Piloting Begins For Carbon Dioxide-based Polyol Process

Feb. 24, 2011

Bayer Technology Services, Leverkusen, Germany, has started up a kilogram-scale pilot plant at Chempark Leverkusen that uses carbon dioxide to make polyether polycarbonate polyols, a raw materials for polyurethane. The process promises to provide an outlet for CO2, whose emissions contribute to global warming, while also supplanting petroleum for polyol production, notes the company.

Pilot Plant
Figure 1. Facility at Leverkusen, Germany, is testing polyol process.

The key to the process is a catalyst discovered by researchers at Bayer and the CAT Catalyst Center, which Bayer and RWTH Aachen University, jointly run, that enables efficient use of the CO2.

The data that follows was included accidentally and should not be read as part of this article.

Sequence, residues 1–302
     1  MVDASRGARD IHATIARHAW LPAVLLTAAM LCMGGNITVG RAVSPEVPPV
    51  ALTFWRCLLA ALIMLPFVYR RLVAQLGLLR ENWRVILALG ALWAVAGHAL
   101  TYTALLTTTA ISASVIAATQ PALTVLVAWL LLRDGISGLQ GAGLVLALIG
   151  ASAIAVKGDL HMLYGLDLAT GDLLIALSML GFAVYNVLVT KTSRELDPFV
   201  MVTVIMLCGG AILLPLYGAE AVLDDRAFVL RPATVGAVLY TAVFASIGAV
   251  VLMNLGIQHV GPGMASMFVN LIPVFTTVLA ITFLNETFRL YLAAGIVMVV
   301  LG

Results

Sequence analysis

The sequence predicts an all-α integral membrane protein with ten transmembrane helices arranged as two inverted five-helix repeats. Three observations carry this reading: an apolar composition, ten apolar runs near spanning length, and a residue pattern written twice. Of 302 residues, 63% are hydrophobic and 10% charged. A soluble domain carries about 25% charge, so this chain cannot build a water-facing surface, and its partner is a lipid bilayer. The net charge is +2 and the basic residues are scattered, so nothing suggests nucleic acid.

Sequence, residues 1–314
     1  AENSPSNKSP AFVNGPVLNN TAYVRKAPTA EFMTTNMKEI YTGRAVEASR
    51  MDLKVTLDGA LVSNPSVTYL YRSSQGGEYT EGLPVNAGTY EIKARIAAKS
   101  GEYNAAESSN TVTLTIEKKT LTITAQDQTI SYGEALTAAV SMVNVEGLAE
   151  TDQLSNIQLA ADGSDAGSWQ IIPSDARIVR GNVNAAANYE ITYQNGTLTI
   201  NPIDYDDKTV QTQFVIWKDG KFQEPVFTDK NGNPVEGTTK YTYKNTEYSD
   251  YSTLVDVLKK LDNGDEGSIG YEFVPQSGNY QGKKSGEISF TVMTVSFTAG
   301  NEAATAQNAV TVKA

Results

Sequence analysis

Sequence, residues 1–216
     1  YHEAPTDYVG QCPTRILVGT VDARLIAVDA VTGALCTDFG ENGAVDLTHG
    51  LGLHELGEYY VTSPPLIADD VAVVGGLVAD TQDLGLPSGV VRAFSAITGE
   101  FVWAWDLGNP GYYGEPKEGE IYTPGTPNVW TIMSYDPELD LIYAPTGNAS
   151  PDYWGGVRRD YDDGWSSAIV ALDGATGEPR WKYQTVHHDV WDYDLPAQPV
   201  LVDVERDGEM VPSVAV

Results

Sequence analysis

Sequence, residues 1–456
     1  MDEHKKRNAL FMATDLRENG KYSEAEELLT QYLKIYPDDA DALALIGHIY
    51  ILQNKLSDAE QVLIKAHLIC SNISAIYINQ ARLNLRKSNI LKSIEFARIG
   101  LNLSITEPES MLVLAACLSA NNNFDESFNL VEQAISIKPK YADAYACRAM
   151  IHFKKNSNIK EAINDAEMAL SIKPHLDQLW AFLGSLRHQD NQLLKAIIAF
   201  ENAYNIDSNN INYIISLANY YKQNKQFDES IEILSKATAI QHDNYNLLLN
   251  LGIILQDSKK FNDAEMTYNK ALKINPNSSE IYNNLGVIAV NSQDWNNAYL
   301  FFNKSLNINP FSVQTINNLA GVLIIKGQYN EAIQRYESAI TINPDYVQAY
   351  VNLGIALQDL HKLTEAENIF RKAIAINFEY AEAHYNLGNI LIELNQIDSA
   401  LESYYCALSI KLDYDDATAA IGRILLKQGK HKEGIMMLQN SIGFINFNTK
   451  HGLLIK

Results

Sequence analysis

RWE Power is supplying the pilot plant with CO2 recovered via a scrubber from flue gas at its lignite power plant in Niederaussem.

Bayer MaterialScience now is testing the polyols, which are used primarily to make soft and rigid foams, at one of its existing plants.

Meanwhile, RWTH Aachen University is conducting ecological and economic studies of all stages of the process and comparing it with conventional processes and products.

The process stems from the so-called "Dream Production" project. This brought together Bayer, RWE, RWTH Aachen University and the CAT Catalyst Center. For more on the project, see "Carbon Dioxide Gets Boost as Feedstock."

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